The Board of Supervisors voted Tuesday to move forward with construction of a 3,885-bed jail/treatment facility in downtown Los Angeles to replace the Men’s Central Jail and a 1,604-bed women’s jail in Lancaster.
The vote was taken in tandem with approving an Office of Diversion aimed at reducing the jail population.
The board had halted work on the downtown Consolidated Correctional Treatment Facility, geared toward treatment of mentally ill offenders, and a women’s jail on the site of the former Mira Loma Detention Center on June 9 to allow for independent analysis of the need for future jail beds.
Civil rights activists called the board’s 3-1 vote — which followed at least five different proposals as to the bed count — a violation of the Brown Act open meetings law, and the American Civil Liberties Union of Southern California warned that it would “invite a lawsuit.”
Supervisor Michael Antonovich recommended pressing forward on jail construction — though he called for 4,600 beds at the CCTF — in part because the county is running up against deadlines for state funding.
“Ten years have gone by,” since the county first considered replacing Men’s Central Jail, Antonovich said. “The jail plan and diversion strategies must go hand in hand.”
Antonovich’s recommendation was structured as an amendment to an agenda item on the Office of Diversion, leading activists to charge that insufficient notice of the board’s intent to vote on the jails plan was given to the public.
“Attaching the women’s jail to this diversion plan is a terrible idea,” said Mark-Anthony Johnson of Dignity and Power Now. “This is an illegal violation of the Brown Act.”
Community activists have long opposed any new jail construction, arguing that diversion will eliminate the need for more jail cells and pushing the county to fund treatment in the community.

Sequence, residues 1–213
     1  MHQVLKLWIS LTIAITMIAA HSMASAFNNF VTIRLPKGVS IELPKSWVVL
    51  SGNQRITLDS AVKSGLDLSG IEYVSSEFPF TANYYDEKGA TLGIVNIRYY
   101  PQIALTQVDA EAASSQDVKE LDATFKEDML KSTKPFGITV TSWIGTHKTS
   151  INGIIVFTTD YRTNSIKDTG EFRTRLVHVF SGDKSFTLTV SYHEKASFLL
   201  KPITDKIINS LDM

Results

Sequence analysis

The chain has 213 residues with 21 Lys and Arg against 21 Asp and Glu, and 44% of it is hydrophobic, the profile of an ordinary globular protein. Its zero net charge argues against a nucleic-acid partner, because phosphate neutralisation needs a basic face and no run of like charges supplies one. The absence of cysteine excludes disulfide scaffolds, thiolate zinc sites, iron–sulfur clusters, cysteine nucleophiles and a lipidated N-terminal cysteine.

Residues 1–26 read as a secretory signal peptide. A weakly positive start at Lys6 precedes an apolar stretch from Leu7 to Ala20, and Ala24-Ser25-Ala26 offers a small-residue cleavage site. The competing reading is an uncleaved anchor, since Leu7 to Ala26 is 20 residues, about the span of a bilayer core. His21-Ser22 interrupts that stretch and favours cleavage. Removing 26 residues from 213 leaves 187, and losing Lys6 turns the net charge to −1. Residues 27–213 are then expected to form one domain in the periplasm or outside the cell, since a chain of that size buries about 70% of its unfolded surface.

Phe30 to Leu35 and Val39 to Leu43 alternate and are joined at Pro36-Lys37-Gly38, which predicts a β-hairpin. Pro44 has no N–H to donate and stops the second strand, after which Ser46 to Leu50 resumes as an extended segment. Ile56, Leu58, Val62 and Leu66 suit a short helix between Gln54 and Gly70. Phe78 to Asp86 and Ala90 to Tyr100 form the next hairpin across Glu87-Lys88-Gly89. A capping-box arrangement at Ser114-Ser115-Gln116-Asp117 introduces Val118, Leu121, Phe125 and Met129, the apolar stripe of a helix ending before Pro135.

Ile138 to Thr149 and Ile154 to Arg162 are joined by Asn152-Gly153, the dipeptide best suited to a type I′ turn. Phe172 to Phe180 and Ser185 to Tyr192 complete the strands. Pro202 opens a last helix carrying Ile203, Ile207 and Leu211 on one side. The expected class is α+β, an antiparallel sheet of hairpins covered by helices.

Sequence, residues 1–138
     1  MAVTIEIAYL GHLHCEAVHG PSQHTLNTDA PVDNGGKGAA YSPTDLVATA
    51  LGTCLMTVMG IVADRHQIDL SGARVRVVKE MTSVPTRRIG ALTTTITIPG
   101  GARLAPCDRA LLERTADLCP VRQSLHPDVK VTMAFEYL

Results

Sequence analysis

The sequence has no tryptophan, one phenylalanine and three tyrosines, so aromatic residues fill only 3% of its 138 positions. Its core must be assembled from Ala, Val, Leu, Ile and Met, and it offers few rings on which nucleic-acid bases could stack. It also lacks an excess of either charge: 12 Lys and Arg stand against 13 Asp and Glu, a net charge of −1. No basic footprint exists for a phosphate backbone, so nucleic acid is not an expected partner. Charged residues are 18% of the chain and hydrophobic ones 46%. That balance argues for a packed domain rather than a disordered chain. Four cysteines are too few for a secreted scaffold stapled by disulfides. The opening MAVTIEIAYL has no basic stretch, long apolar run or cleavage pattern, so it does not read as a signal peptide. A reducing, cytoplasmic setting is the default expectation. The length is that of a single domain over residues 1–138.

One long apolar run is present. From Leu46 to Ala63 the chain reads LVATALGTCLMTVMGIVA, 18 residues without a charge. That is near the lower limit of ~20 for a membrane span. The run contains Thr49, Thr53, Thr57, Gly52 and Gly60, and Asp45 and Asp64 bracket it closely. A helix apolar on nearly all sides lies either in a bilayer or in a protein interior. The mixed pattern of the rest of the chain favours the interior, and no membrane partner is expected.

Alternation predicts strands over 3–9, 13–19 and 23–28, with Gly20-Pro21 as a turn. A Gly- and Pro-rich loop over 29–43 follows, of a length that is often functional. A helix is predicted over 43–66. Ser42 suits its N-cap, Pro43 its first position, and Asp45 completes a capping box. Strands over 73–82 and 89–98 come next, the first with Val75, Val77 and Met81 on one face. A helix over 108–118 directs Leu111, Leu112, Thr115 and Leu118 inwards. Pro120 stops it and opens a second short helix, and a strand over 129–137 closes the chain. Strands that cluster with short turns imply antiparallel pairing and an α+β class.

“Diversion will make the women’s jail obsolete,” Mary Sutton of the Los Angeles No More Jails Coalition told the board. “The people of California and Los Angeles don’t want more jails”
However, every one of the supervisors acknowledged Tuesday that no matter how successful diversion may be, some mentally ill individuals will land in jail and need treatment.
“If we do not tear down that abomination and put something in its place that is truly a treatment center” the mentally ill will not get treatment, Supervisor Sheila Kuehl said. “We can imagine that everyone can be diverted but everyone will not.”
“It is not an either-or proposition,” Supervisor Mark Ridley-Thomas agreed.
Kuehl proposed the lower 3,885-bed count that was ultimately approved.
Supervisor Hilda Solis sought an even lower number of 3,243 beds.
“It is my view that if we build jail cells, we will fill them,” Solis told her colleagues. She also proposed a goal of reducing the jail population by 15 percent over 10 years.
Solis abstained from the 3-1 vote on the jails plan and supervisor Don Knabe voted against it after calling for a higher bed count with the potential to scale back.
The debate about the size of the jails took place just one week after the county reached a settlement agreement with the Justice Department on the treatment of mentally ill offenders. That agreement requires independent monitoring of reforms to protect mentally ill inmates, to be enforced by a federal judge.
Assistant Sheriff Terri McDonald warned that without 4,860 new beds, “it’s going to lead to the mentally ill still being held at Twin Towers” and “crowding at the other facilities is going to remain a problem.”
Supervisors Sheila Kuehl and Mark Ridley-Thomas proposed the Office of Diversion as a means to coordinate diversion of mentally ill offenders away from county jails and into community-based treatment programs and supportive housing.
That proposal was approved on a 4-1 vote, with Knabe dissenting.
Reports back on the legal requirements for setting up the office and on the transfer and allocation of funds are expected back over the next three months.
A task force on diversion led by District Attorney Jackie Lacey — and supported by Sheriff Jim McDonnell — have called for more law enforcement training on de-escalating situations; using more urgent care centers as a point of treatment for mentally ill individuals picked up by law enforcement; deploying more mental health professionals with law enforcement teams; and sourcing permanent supportive housing for the homeless mentally ill, among other recommendations.
— City News Service